The day of atonement, or, as it is in the Hebrew, the day of atonements, is called by the rabbis “the day,” and by Luke (probably) “the Fast.” See Acts 27:9. Compare with this chapter Leviticus 23:26-32.
The reference to the death of Nadab and Abihu is a notice of the occasion on which the instructions were given, well calculated to add point and emphasis to the solemn admonition to the high priest in the second verse. The death of his sons Leviticus 10:2, for drawing near to Yahweh in an unauthorized manner, was to serve as a warning to Aaron himself never to transgress in this respect.
The holy place within the vail - See Exodus 26:33-34; Hebrews 9:3.
The cloud - Compare Exodus 16:10 note.
The mercy seat - See Exodus 25:17 note.
Holy place - This name here denotes the sanctuary, the whole sacred enclosure, the court of the tabernacle. The offerings were for Aaron and his sons, supplied by himself.
The high priest when he changed his dress on this day was required to bathe himself. In his “golden garments” he had, on this day, and for the previous week, to offer the regular daily sacrifices, and to perform the other sacerdotal duties of the sanctuary, which were usually performed by a common priest. The dress of white linen, which he now put on, appears to have been like the ordinary dress of the common priests, except in the substitution of a linen mitre for the bonnet (or cap), and of a plain linen girdle for the variegated one (Exodus 28:40-43 notes). In preparing to enter the holy of holies, he attired himself in spotless white as a token of the holiness without which none, in a spiritual sense, can enter the divine presence. He thus became a more distinct foreshadow of the greater high priest Hebrews 7:26; Hebrews 6:19-20. This significance belonged to the high priest only in his official capacity as mediator: in his own person he had infirmity, and was required “to offer up sacrifice, “first” for his own sins, and then for the people‘s.” Hebrews 7:27. See the notes at Leviticus 9:7-14. On the same ground it was that, although as a mediator he had to enter the most holy place, as sinful man he needed the cloud of incense as a veil to come between him and the holiness of Yahweh. See Leviticus 16:13.
Take of the congregation - i. e. they were to be supplied at the public cost.
Two kids of the goats - This should be, two shaggy he-goats (Leviticus 4:23 note), of the same color, size, and value.
Shall offer - Rather, shall present, as in Leviticus 16:7, Leviticus 16:10, etc. The word expresses the formal act of placing the victims in front of the entrance of the tabernacle.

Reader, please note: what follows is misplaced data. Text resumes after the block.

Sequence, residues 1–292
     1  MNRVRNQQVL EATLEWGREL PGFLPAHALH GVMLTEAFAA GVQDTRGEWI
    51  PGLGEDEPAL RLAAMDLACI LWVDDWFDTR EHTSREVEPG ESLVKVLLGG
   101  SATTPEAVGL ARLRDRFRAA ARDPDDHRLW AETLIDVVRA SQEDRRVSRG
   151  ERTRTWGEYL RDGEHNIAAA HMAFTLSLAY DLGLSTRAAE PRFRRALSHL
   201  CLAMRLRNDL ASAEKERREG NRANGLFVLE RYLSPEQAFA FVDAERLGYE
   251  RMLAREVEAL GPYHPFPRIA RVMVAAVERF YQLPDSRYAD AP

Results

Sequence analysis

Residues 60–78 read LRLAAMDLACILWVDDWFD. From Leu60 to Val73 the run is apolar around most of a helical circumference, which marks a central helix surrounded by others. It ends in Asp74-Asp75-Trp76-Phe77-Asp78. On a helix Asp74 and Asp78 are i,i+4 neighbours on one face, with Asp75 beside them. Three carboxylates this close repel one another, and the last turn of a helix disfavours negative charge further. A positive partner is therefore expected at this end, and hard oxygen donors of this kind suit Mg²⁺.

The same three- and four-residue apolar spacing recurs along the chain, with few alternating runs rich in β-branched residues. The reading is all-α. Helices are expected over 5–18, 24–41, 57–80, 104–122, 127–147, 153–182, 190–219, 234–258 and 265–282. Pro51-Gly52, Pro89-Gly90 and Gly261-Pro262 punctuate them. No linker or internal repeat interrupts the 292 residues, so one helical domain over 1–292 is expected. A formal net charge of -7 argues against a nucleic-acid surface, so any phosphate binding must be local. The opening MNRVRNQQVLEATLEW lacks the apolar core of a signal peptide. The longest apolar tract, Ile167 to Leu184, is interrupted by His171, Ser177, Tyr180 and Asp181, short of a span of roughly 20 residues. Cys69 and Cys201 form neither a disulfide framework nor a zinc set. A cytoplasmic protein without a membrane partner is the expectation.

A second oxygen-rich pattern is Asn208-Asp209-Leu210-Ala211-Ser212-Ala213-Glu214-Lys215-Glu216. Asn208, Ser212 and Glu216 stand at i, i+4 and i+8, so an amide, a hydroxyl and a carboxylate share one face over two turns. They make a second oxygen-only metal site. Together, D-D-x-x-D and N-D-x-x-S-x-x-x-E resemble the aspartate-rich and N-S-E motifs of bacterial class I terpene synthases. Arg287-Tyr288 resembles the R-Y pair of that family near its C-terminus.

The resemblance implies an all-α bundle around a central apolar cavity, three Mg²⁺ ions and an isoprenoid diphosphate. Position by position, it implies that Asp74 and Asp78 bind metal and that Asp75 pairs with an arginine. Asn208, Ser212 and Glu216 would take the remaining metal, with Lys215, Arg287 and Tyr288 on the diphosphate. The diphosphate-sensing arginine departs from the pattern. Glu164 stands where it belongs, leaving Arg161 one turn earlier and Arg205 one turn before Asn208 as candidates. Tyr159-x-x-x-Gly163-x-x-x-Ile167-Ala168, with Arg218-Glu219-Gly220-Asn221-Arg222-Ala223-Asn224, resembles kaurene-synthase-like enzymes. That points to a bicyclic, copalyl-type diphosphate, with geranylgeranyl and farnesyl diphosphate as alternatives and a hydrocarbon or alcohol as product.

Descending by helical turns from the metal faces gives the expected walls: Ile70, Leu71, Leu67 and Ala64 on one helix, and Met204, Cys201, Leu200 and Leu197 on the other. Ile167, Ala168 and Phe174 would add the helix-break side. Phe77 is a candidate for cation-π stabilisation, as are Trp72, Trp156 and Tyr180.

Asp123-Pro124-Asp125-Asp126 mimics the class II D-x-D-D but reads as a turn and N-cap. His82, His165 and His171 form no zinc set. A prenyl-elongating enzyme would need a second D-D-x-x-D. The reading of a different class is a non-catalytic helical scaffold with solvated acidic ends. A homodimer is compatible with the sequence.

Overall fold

For himself, and for his house - i. e. for himself as the high priest and all the common priests. Compare Leviticus 9:7-14 note.
The two goats formed a single sin-offering, Leviticus 16:5. To bring out the meaning of the sacrifice it was necessary that the act of a living being should be performed after death. See Leviticus 16:22 note. As this could not possibly be visibly set forth with a single victim, two were employed, as in the case of the birds in the rite for the healed leper Leviticus 14:4-6.
For the scapegoat - Rather, for Azazel. The word occurs nowhere else in the Old Testament but in this chapter, and is probably derived from a root in use in Arabic, but not in Hebrew, signifying to “remove”, or “to separate”.
Azazel is the pre-Mosaic name of an evil personal being placed in opposition to Yahweh. Each goat, having been presented to Yahweh before the lots were cast, stood in a sacrificial relation to Him. The casting of lots was an appeal to the decision of Yahweh (compare Joshua 7:16-17; Joshua 14:2; Proverbs 16:33; Acts 1:26, etc.); it was therefore His act to choose one of the goats for His service in the way of ordinary sacrifice, the other for His service in carrying off the sins to Azazel (see the note at Leviticus 16:22). By this exppressive outward sign the sins were sent back to the author of sin himself, “the entirely separate one,” who was banished from the realm of grace.
The goat itself did not lose the sacred character with which it had been endued in being presented before Yahweh. It was, as much as the slain goat, a figure of Him who bore our griefs and carried our sorrows, on whom the Lord laid the iniquity of us all Isaiah 53:4, Isaiah 53:6, that we might become a sanctified Church to be presented unto Himself, not having spot or wrinkle or any such thing Ephesians 5:26-27.
On which the lot fell to be the scapegoat - Rather, on which the lot ‹for Azazel‘ fell.
An atonement with him - The goat “for Azazel” was to be considered as taking his part along with the other goat in the great symbol of atonement.
For a scapegoat into the wilderness - Rather, “to Azazel, into the wilderness.”
It is important, in reference to the meaning of the day of atonement, to observe the order of the rites as they are described in these verses.
A censer - See Exodus 25:38 note.
The altar before the Lord - i. e. the altar of burnt-offering on which the fire was always burning.
The high priest must have come out from the most holy place to fetch the blood, leaving the censer smoking within, and then have entered again within the veil. He sprinkled the blood seven times upon the mercy-seat, on its east side (not “eastward”), and then seven times upon the floor in front of it. If the mercy-seat may be regarded as an altar, the holiest one of the three, on this one occasion in the year atonement was thus made for it, as for the other altars, with sacrificial blood.